Even with millions of Americans vaccinated against COVID-19 and hopes high for a swift end to the pandemic, many of the nation’s physicians continue to report problems accessing the personal protective equipment (PPE) that is essential to limiting further spread of SARS-CoV-2.

Get the PPE you need

The AMA is collaborating with the not-for-profit Project N95 to reserve quality-certified PPE exclusively for AMA members to purchase with no minimum.

More than one-third of the 3,500 doctors responding to a 2020 AMA survey said that acquiring PPE was “very” or “extremely” difficult. Smaller physician practices reported even greater troubles, with 41% of physicians in practices of five doctors or fewer saying that getting PPE was “very” or “extremely” difficult.

Cost remains an issue, with physician practices spending on PPE rising by an average of 57% in 2020. Meanwhile, millions of fake N95s have circulated, spurring the Centers for Disease Control and Prevention National Institute for Occupational Safety and Health (CDC NIOSH) to advise physicians and others on how to properly identify bogus PPE.

Now the AMA is stepping in to help keep physicians and their patients safe, collaborating again with the nonprofit Project N95 to reserve quality-certified PPE exclusively for AMA members to purchase with no minimum. Available equipment includes:

  • Ameritech N95 surgical respirator masks (duck-bill style): size regular, FDA 510(k) cleared and CDC NIOSH approved. Made in the U.S.
  • DemeTECH N95 respirator masks (fold style): sizes small or medium/large, CDC NIOSH approved. Made in the U.S.
  • DemeTECH N95 respirator mask (cup style): size medium/large, CDC NIOSH approved. Made in the U.S.
  • ASTM Level 3 surgical masks: One size fits most.
  • Patient exam gloves: sizes medium, large, extra large; 3 mils thick, 9 inches long.

Project N95 is the national clearinghouse for critical PPE and essential medical supplies. As the leading rapid-response nonprofit organization created in response to the COVID-19 pandemic, Project N95 helps health care and front-line workers source PPE from vetted suppliers while driving transparency in the market through procurement best practices.

If you’d like to place an order, go here to begin the process. You will have to sign in to your AMA account or create one to take advantage of this members-only opportunity. The offer is live until April 23, 3 p.m. CDT.

In addition to helping physician practices secure PPE, Project N95 is donating 180,000 masks to Chicago-area nonprofits, with a focus on providing masks within communities that have been disproportionately affected by the pandemic.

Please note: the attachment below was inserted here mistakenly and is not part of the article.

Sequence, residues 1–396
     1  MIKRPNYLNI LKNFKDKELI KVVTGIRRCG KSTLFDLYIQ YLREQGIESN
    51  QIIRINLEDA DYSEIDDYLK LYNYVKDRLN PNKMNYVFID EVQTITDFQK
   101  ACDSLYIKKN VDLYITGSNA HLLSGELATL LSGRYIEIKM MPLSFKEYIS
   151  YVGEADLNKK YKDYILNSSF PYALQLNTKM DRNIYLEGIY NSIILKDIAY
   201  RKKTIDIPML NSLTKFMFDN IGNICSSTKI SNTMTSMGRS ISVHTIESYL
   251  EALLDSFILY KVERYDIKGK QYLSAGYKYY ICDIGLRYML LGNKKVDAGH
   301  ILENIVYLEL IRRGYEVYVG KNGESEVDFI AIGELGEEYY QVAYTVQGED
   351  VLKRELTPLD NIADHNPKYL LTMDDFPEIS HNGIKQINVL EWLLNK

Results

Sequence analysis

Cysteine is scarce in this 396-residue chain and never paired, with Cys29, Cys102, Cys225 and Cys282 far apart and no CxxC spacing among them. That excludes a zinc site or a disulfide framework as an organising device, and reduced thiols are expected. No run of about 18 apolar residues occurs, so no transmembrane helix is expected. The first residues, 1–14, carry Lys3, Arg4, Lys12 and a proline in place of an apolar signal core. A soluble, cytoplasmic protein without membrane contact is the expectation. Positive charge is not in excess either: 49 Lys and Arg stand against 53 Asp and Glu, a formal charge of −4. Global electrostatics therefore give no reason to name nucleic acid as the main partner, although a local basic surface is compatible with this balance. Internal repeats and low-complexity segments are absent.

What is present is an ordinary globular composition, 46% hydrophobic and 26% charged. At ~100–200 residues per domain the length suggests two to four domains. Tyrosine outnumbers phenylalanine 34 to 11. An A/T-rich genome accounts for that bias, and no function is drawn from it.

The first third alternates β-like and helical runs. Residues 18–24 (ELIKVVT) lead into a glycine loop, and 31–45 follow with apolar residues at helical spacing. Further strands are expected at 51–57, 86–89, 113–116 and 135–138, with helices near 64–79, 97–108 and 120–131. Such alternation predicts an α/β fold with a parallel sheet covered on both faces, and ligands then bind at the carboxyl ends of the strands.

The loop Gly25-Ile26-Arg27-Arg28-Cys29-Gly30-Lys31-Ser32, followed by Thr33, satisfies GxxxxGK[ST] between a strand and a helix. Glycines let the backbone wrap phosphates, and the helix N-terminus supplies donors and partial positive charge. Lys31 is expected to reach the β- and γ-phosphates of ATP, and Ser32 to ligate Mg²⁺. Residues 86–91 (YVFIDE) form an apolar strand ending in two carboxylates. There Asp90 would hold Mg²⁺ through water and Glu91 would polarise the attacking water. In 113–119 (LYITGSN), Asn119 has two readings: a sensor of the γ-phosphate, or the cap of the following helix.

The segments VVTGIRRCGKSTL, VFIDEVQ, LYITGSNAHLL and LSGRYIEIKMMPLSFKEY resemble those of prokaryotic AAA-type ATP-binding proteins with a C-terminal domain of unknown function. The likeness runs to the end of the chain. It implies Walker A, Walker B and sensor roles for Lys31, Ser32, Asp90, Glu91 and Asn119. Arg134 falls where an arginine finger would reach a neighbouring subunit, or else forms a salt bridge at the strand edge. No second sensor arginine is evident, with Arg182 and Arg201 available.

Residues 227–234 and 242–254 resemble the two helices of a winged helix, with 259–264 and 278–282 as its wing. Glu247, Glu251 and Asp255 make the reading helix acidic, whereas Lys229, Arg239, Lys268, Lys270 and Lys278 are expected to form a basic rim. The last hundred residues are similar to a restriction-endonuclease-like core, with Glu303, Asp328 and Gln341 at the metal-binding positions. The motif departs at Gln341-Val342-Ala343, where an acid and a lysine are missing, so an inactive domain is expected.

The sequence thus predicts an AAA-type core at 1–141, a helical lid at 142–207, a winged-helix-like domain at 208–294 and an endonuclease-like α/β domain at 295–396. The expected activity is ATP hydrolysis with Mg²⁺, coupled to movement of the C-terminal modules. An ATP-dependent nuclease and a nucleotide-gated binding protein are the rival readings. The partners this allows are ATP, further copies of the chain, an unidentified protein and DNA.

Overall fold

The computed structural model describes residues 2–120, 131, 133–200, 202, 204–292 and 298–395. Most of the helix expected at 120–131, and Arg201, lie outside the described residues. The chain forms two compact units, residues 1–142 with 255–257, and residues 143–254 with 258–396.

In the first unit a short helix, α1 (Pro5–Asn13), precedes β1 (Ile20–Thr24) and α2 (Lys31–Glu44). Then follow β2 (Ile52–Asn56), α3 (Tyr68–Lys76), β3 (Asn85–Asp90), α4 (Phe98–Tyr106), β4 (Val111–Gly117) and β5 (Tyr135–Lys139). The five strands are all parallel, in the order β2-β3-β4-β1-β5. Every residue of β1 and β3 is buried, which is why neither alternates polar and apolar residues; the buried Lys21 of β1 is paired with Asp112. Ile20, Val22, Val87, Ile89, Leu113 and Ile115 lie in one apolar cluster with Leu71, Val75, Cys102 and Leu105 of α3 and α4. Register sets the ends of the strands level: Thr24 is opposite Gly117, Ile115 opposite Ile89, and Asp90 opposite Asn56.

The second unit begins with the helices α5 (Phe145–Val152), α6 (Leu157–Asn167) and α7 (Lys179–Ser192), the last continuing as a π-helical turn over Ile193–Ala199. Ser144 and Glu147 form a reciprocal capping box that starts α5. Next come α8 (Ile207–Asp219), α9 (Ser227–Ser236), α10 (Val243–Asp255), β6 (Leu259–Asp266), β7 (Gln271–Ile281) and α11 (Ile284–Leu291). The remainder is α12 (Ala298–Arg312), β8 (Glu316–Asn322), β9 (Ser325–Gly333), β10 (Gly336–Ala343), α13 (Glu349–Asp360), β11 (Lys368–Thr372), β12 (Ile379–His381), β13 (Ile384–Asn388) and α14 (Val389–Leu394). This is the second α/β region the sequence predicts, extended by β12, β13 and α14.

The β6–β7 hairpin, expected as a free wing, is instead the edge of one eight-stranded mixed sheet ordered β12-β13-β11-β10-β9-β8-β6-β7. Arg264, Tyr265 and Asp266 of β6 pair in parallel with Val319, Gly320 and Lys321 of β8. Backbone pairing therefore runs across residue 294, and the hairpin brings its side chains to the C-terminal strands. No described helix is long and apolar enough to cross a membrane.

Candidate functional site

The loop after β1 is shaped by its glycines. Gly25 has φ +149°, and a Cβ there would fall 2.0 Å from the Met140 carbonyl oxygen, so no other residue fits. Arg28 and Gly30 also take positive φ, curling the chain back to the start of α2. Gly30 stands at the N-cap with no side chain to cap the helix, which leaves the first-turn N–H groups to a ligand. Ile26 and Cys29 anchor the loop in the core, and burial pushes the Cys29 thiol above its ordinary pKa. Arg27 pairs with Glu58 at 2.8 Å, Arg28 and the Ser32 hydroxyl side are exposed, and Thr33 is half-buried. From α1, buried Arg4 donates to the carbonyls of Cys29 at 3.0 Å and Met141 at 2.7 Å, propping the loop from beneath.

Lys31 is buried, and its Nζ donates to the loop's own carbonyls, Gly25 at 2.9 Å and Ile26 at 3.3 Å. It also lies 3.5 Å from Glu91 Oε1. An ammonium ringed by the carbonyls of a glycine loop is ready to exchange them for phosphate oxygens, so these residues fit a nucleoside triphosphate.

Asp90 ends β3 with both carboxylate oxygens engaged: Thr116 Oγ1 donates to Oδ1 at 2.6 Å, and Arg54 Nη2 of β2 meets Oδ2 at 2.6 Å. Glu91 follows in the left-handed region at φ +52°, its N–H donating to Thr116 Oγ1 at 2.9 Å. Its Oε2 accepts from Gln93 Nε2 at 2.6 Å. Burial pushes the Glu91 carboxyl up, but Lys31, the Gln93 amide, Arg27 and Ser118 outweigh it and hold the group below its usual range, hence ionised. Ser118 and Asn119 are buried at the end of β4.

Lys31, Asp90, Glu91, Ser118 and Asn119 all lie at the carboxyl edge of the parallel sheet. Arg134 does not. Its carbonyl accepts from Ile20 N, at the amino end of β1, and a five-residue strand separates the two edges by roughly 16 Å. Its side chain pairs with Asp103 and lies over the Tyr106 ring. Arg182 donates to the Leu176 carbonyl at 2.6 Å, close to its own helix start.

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Among the small physician practices having trouble obtaining PPE is the three-doctor Fort Worth, Texas, allergy and immunology practice that Susan R. Bailey, MD, is part of. Their search for PPE has proven extraordinarily frustrating, adding yet one more administrative burden amid a time of great stress for Dr. Bailey and her practice colleagues.

“Nobody is immune to this. It doesn’t matter who you are. If the president of the AMA is having a hard time finding PPE, that is a clear expression of how incredibly difficult it is for the entire physician population.”

From the start of the pandemic, the AMA’s leaders have fervently advocated to the White House, the Federal Emergency Management Agency and other key players the need for a Manhattan Project-style effort to ensure that the necessary quantities of PPE are produced and distributed where they are most in demand.

Learn how the AMA is advocating to end recurring PPE shortages.

In the early going, the word went out to everyone in Dr. Bailey’s practice to bring whatever PPE they could, wherever they could find it. That led to wasting precious time due to misadventures with online retailers offering overpriced items of dubious quality.

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“In a small, independent practice, we are the IT person, we are the HR staff—and now we’re the PPE procurement officers as well,” Dr. Bailey said.

Stay current on the AMA’s COVID-19 advocacy efforts and track the pandemic with the AMA's COVID-19 resource center, which offers resources from JAMA Network™, the Centers for Disease Control and Prevention, and the World Health Organization. 

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